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A&E Nurse jobs: frequently asked questions
Welcome to our A&E Nurse jobs page, featuring all the latest A&E nursing jobs throughout the UK, as well as frequently asked questions below.
What does an A&E Nurse do?
A&E Nurses work in the emergency department of hospitals and are typically the first point of contact when a patient enters.
An A&E nurse therefore deals with a huge variety of patients in very different states of physical and mental health.
Broadly, it’s an A&E Nurse’s job to make an initial assessment of a patient and to take vital signs like blood pressure and temperature.
They then ensure the patient is directed towards the right department.
It’s ultimately an A&E Nurse’s duty to make sure patients feel calm and comfortable while they wait to be sent to another ward, or discharged.
What are the daily duties of an A&E Nurse?
As anyone who’s visited one will know, emergency wards are innately unpredictable.
Every kind of person with every kind of ailment can arrive, and the seriousness of their condition can differ wildly.
A&E Nurses are at the centre of this, skilfully balancing it all.
Typically, their daily duties include:
• Taking patients’ vital signs
• Observing and recording the condition of patients
• Monitoring and administering medication and injections
• Making assessments and planning transfers
• Working with and supporting patients’ families and friends
• Mentoring students and junior nurses
You will work in a shift pattern, which could involve night shifts and unsociable hours.
What qualifications do you need to become an A&E Nurse?
To become an A&E Nurse you need to be registered with the Nursing & Midwifery Council (NMC).
And to be eligible to register you need to complete a nursing degree.
You can complete a degree in any of these four core areas: adult, child, mental health and learning disabilities.
Courses typically last three years and are available at universities and institutions throughout the country.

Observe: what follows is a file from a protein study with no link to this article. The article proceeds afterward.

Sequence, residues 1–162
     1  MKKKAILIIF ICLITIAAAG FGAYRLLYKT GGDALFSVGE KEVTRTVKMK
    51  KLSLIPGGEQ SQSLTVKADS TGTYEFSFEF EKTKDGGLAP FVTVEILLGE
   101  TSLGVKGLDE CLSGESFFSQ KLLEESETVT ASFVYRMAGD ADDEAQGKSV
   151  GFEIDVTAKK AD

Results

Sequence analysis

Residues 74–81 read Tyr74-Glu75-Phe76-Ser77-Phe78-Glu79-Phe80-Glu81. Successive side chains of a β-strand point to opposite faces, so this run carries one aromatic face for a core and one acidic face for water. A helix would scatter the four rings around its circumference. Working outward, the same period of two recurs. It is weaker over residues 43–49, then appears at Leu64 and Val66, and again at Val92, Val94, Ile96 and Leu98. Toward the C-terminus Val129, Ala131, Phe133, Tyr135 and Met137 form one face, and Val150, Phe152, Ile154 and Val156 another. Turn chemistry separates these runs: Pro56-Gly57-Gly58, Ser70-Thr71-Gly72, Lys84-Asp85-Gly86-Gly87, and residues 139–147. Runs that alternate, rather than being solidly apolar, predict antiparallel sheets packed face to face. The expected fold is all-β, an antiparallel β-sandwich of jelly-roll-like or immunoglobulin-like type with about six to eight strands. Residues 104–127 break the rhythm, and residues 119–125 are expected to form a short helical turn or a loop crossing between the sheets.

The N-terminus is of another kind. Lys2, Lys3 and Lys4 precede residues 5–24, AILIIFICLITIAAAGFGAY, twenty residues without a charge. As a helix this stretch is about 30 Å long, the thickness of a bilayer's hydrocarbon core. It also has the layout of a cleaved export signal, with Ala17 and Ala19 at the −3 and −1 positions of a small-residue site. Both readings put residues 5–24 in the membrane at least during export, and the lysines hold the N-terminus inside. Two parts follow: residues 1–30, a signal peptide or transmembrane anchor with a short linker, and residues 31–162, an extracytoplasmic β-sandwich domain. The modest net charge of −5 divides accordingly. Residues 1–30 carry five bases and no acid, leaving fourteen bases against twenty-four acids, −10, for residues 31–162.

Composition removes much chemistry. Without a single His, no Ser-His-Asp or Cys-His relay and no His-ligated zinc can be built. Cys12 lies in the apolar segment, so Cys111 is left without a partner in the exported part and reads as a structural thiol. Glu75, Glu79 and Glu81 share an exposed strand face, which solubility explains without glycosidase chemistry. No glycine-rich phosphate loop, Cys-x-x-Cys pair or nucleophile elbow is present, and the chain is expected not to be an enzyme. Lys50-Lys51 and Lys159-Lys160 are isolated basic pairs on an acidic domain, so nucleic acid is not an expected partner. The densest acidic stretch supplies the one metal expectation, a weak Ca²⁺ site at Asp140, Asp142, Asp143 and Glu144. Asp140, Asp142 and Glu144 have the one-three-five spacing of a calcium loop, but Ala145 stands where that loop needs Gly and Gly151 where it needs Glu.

Half of your course will involve clinical practice, where you will gain a good understanding of what being a Nurse is really like.
In terms of experience, your degree should set a foundation that helps you to land your first role.
A nursing degree will allow you to become a Nurse within a variety of settings, not just A&E departments. It will also allow you to work in the private sector.
How much do A&E Nurses get paid?
A&E Nurses earn a Band 5 salary on the official NHS pay-scale.
This means that, once qualified, you’ll earn approximately £24,214 a year – rising incrementally every year until you reach the top of your banding.
From there, more experience and qualifications can help you to work your way up into higher bandings.
Band 6 salaries can reach as high as £37,000, and Band 7 salaries peak above £43,000. Beyond this, your career could go in many directions.
You could end up becoming a ward matron, a consultant, or even a researcher or lecturer depending on the extra curricular studying you commit to.
Any of these careers could see you earn as much as £70,000 a year or more.
The NHS is the major employer of A&E Nurses but your skills will be welcome in the private sector too. In the private sector pay is unregulated so it’s difficult to say whether your pay will be better or not.
It’s also important to note that the private sector doesn’t normally offer a benefits package that rivals that of the NHS.
Your other option will be bank or agency work, which, with enough experience, can become very lucrative.
As you’ll be well aware, A&E departments are getting busier every year, with more patients and longer waiting times.
That means qualified Nurses are in high demand.
Find your next A&E Nurse job today
View our latest roles above, or if you can’t find what you’re looking for, create an account and register your CV here and we’ll send you the latest roles as soon as they arise.